After a slow start this year, tornado season made a deadly debut Wednesday night. An estimated dozen tornadoes touched down in north Texas. The damage included at least six people killed and whole houses that were suddenly yanked off their foundations to join the airborne debris.
The twisters hit three Texas counties southwest of Dallas. Witness accounts suggest the largest funnel was close to a mile wide, and scientists estimate its wind speeds reached 210 miles an hour or more, according to Kurt Van Speybroeck, a meteorologist with the National Weather Service based in Fort Worth.
The biggest tornado landed in Granbury, a town of 8,000, destroying close to 40 buildings and mobile homes. Six people were killed there, and at least 100 suffered minor to severe injuries.
The twister was classified as an EF4 using the Enhanced Fujita Scale, which depicts the strength of tornadoes by measuring their destructive force on structures like barns, strip malls and automobile showrooms. The strongest twister is an EF5, of which only eight have been documented in the United States since 2000.
By measuring damage, meteorologists estimate the twister's wind speed in three-second gusts. The Granbury funnel had potential winds of 210 to 261 mph, speeds that exceed the strongest hurricanes, which are measured by sustained wind speed.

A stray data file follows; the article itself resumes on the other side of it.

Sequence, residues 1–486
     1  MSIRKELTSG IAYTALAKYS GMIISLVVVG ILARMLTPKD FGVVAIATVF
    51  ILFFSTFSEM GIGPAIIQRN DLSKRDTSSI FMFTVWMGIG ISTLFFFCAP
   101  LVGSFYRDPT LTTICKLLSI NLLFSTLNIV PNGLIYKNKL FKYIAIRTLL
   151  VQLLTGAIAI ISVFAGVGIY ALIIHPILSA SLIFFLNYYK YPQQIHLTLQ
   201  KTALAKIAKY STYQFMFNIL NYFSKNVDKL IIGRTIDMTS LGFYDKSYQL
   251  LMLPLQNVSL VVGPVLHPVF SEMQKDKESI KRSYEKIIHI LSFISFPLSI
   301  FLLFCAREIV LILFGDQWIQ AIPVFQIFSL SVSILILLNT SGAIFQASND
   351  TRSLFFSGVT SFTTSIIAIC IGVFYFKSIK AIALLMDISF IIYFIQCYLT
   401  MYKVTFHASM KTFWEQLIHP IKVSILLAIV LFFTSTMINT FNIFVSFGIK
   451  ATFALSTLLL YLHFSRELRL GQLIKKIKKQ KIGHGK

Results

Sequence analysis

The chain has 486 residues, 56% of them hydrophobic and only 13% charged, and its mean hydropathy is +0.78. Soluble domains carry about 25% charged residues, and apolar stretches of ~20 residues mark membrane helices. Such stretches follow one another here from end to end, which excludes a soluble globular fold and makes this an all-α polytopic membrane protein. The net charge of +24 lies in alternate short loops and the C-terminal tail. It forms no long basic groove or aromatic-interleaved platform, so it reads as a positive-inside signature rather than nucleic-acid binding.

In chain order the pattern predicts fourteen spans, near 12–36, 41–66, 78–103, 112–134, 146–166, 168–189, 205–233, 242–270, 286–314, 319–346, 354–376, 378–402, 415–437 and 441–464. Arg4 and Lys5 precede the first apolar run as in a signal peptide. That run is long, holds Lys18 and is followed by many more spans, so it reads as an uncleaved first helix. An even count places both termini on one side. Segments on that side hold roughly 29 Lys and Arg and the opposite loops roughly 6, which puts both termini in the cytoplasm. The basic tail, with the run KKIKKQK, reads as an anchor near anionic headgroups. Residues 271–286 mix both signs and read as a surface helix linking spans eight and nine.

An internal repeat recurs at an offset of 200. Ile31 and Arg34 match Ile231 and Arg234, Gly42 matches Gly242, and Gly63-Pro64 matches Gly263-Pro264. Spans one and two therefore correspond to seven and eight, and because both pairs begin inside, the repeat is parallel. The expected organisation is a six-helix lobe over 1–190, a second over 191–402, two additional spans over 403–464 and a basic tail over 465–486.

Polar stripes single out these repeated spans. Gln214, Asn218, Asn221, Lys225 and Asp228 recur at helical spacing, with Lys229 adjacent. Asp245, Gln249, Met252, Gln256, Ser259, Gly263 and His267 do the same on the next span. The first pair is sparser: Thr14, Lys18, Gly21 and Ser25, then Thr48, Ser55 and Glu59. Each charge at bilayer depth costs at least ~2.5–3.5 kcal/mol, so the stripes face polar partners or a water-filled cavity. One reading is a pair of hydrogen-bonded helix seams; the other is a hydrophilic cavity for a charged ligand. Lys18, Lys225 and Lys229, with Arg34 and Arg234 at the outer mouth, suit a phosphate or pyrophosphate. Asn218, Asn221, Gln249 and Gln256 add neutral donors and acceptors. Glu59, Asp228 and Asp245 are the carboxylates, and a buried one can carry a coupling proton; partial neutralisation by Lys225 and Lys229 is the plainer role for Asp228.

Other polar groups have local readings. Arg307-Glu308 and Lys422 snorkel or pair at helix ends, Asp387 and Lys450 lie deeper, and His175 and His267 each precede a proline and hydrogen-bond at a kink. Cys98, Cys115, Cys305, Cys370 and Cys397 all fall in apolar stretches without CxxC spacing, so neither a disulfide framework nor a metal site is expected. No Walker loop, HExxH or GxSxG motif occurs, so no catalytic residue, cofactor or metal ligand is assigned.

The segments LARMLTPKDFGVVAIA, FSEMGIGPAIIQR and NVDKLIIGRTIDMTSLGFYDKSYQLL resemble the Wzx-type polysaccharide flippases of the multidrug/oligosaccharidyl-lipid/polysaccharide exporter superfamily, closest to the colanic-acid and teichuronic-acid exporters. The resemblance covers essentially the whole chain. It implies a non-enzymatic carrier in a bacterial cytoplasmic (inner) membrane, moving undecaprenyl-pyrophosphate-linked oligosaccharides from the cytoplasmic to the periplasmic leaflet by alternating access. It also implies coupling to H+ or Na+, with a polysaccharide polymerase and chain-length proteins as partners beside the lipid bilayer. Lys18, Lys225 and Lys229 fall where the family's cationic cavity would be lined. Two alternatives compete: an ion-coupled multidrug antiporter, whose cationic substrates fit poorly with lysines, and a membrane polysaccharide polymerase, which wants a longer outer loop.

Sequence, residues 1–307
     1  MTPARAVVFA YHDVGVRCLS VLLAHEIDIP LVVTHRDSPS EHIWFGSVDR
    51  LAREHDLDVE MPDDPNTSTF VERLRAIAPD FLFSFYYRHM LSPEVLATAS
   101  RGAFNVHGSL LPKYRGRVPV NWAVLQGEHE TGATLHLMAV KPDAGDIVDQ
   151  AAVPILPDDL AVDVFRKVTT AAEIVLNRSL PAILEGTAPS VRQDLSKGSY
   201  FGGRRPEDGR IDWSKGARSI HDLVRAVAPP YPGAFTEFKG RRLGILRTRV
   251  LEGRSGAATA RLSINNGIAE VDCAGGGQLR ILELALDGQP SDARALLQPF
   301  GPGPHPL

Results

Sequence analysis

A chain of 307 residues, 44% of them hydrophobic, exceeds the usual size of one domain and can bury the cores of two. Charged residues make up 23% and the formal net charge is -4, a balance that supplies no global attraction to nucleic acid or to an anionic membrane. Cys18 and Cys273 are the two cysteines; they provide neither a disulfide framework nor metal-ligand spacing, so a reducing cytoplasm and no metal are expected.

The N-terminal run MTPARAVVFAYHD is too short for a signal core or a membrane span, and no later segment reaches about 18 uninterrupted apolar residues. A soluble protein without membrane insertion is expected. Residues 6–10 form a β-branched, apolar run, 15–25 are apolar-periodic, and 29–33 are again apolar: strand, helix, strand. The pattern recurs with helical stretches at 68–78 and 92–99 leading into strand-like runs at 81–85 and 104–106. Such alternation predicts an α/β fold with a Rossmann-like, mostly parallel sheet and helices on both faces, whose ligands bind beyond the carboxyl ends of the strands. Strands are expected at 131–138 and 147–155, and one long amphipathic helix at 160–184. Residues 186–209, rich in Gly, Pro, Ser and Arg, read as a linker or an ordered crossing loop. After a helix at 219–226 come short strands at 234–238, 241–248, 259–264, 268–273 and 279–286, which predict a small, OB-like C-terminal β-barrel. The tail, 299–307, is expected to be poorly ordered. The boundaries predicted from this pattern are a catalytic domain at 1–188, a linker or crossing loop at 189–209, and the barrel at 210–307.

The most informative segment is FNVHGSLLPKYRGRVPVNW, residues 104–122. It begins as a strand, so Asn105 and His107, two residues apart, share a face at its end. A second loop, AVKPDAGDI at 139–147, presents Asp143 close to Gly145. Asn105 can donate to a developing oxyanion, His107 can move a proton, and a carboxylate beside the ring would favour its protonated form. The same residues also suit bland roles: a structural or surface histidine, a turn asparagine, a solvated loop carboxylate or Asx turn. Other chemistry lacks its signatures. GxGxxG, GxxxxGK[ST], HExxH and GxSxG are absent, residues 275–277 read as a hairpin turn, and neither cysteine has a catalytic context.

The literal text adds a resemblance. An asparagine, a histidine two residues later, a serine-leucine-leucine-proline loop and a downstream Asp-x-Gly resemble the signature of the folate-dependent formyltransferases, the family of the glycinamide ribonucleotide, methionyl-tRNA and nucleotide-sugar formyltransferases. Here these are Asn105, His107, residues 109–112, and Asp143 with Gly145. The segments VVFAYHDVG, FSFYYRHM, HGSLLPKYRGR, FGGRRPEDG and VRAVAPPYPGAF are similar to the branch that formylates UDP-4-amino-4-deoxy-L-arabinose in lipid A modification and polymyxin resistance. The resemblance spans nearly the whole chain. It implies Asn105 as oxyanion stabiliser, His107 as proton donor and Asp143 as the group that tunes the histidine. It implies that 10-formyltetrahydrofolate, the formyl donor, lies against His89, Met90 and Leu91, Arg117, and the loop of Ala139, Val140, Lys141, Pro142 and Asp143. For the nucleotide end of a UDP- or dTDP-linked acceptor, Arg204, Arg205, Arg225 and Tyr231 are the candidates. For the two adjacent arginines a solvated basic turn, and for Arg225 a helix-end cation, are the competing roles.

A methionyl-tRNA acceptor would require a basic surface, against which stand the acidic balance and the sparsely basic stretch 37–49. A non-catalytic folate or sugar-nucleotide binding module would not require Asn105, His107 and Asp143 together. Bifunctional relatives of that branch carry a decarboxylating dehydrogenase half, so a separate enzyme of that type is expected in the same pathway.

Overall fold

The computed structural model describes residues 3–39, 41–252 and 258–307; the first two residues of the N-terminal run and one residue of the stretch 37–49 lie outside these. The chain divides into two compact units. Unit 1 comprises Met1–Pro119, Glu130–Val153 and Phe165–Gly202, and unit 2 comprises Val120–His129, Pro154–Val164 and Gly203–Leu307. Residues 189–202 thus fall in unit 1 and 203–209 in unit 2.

About 1 percent of all tornadoes in the country are rated EF4, according to Greg Carbin, a meteorologist with the National Oceanic and Atmospheric Administration's Storm Prediction Center. There have been 79 of them in the last 13 years, out of 16,638 tornadoes total.
"They're fairly rare," Van Speybroeck said.
Can warning time be expanded?
Unlike with hurricanes, which can be tracked from a long way off, the art of tornado prediction is still in its infancy. It is a maddeningly tricky task, and people often have as little as 10 minutes to prepare before destruction hits.
According to a report from NOAA, residents of Joplin, Mo., had about 30 minutes after the initial siren alert to seek shelter before a tornado touched down May 22, 2011, killing 158. It was the deadliest tornado in 58 years.
This week, a Colorado-based field project began to collect data that might help meteorologists develop a better model of when and where storms and twisters are likely to strike. They are aiming to develop precise warnings six to 24 hours in advance.
As part of the project, called the Mesoscale Predictability Experiment, or MPEX, a team of scientists will fly in a small jet over the central U.S. region commonly known as "Tornado Alley," dropping parachute-borne weather devices to gain a more detailed picture of what triggers thunderstorms and the tornadoes that often result.
Gaps in the current system
The current average lead time for tornado warnings is only 13 minutes, according to NOAA. Part of the challenge is that the National Weather Service's network of 102 weather balloons is spread too far apart to pick up the small-scale data that might indicate conditions leading to storms.
Current satellite imagery technology is also unable to collect the detailed, quantifiable information on temperatures and pressures at different altitudes that could help computer models produce accurate predictions.